"Considering how important drones are becoming in the war over there, I'd consider it somewhat unethical of us not to use those acquired skills in one way or another." says Fitch. But, the filmmaker had no direct contacts in the Ukraine. Where to start? Amazingly, the very first person Fitch reached out to—an officer and mechanic whose name popped up in a news article—ended up being the only contact he ever needed. "I think this was extremely lucky," says Fitch. "I've heard of people here, or even there on the ground, who have had a lot of trouble getting official approval for what they're trying to do."
Fitch proposed an idea to use his radio-control knowledge to build remotely operated vehicles that could be used to sweep Russian-seeded minefields in and around Ukrainian cities. The Ukraine is now believed to be one of the most mined countries in the world. The number of Russian-laid landmines remains unknown, but by mid-May Ukrainian authorities reported nearly 80,000 mines and other explosive ordinance had been disabled.
Fitch recalls the origins of the equipment he wanted to employ in the Ukraine: "We had this crazy rig we had developed for movie stunts but never used. Actually, that project came out of the work we do on Zozobra—those guys enlisted us to motorize the eyes a few years back, because the puppetry controls were interfering with the head movement. So we got really good at controlling big motors with normal radios for RC planes or drones. At some point we decided to try using them to drive a car, maybe someday drive one off a cliff or something for a movie shoot. Anyway, after Russia invaded Ukraine, I realized this system might be useful for clearing minefields and other tasks. I made some military contacts in Kyiv, and they were very interested in the idea. It's a relatively simple design, so at this point they can build more or modify the system without our help."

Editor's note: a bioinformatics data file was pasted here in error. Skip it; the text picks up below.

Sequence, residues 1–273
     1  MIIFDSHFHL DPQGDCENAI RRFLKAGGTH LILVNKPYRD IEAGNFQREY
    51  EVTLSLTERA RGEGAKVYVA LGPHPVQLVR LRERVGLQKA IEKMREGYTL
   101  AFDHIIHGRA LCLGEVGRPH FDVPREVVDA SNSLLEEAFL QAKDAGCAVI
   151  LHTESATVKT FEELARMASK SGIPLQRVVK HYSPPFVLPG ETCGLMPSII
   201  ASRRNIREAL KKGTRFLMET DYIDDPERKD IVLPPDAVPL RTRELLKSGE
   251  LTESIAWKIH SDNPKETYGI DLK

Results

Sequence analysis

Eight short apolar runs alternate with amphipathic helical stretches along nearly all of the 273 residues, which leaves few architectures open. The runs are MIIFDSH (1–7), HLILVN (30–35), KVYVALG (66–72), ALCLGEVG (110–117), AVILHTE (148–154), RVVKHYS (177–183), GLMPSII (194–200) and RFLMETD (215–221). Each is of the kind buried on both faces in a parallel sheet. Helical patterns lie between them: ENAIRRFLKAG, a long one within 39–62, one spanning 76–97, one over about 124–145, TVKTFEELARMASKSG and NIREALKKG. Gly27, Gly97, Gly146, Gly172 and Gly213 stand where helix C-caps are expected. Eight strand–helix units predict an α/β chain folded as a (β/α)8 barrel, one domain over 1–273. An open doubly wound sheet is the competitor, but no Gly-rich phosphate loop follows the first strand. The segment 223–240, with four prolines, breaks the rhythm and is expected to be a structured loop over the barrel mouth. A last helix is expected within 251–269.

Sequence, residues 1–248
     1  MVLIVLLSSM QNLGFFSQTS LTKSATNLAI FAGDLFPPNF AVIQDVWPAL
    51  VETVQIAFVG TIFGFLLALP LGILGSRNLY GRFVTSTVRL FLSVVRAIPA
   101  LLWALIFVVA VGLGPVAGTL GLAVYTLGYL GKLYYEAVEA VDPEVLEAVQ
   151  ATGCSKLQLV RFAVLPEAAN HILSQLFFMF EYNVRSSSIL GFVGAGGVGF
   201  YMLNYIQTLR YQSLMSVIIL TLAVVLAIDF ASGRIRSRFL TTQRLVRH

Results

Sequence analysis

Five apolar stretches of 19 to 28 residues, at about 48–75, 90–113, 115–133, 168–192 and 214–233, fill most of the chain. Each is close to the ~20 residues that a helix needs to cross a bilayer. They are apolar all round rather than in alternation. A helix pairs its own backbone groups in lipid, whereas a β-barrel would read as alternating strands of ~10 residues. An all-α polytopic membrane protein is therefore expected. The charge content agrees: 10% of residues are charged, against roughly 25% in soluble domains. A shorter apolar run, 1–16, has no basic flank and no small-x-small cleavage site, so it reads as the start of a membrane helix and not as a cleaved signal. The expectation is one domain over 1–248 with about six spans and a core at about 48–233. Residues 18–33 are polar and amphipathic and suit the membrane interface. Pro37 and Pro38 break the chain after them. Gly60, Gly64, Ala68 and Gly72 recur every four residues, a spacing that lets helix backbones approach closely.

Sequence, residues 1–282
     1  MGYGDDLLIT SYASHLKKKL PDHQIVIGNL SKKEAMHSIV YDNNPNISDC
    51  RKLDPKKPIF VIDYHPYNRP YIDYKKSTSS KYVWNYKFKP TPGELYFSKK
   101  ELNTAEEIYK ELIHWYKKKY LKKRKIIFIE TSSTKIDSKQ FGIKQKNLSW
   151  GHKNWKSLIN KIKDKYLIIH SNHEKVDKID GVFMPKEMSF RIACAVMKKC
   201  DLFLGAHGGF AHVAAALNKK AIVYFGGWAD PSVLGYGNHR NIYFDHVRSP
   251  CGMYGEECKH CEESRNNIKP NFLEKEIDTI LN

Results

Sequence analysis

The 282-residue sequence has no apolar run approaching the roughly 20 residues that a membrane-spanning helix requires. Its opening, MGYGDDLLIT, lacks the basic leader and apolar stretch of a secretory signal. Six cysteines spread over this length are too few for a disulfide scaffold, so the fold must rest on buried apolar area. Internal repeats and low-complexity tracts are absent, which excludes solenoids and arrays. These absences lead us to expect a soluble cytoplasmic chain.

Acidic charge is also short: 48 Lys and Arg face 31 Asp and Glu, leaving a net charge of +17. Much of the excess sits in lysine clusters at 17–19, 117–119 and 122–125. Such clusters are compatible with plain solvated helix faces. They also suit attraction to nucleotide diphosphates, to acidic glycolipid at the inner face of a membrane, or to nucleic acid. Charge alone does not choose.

Back in May of this year, Fitch packed up his surplus movie gear and got on a plane to Kyiv. "We brought four of these kits out there, and I had pretty limited time to get them working," says Fitch. He also had to "find a car with an automatic transmission (kinda difficult in Ukraine), and do a demonstration for the Army." Fitch does not speak Ukrainian, so he had to hire a translator, who ended up being a good friend. "He made things much easier. He's also an artist and a painter, but his studio was in Bucha and presumably destroyed. So now he's working out of a volunteer center doing art in the same style as the camo nets they were making there by hand. Very cool pieces, he's been selling them in fundraisers and I hope to bring a few back with me."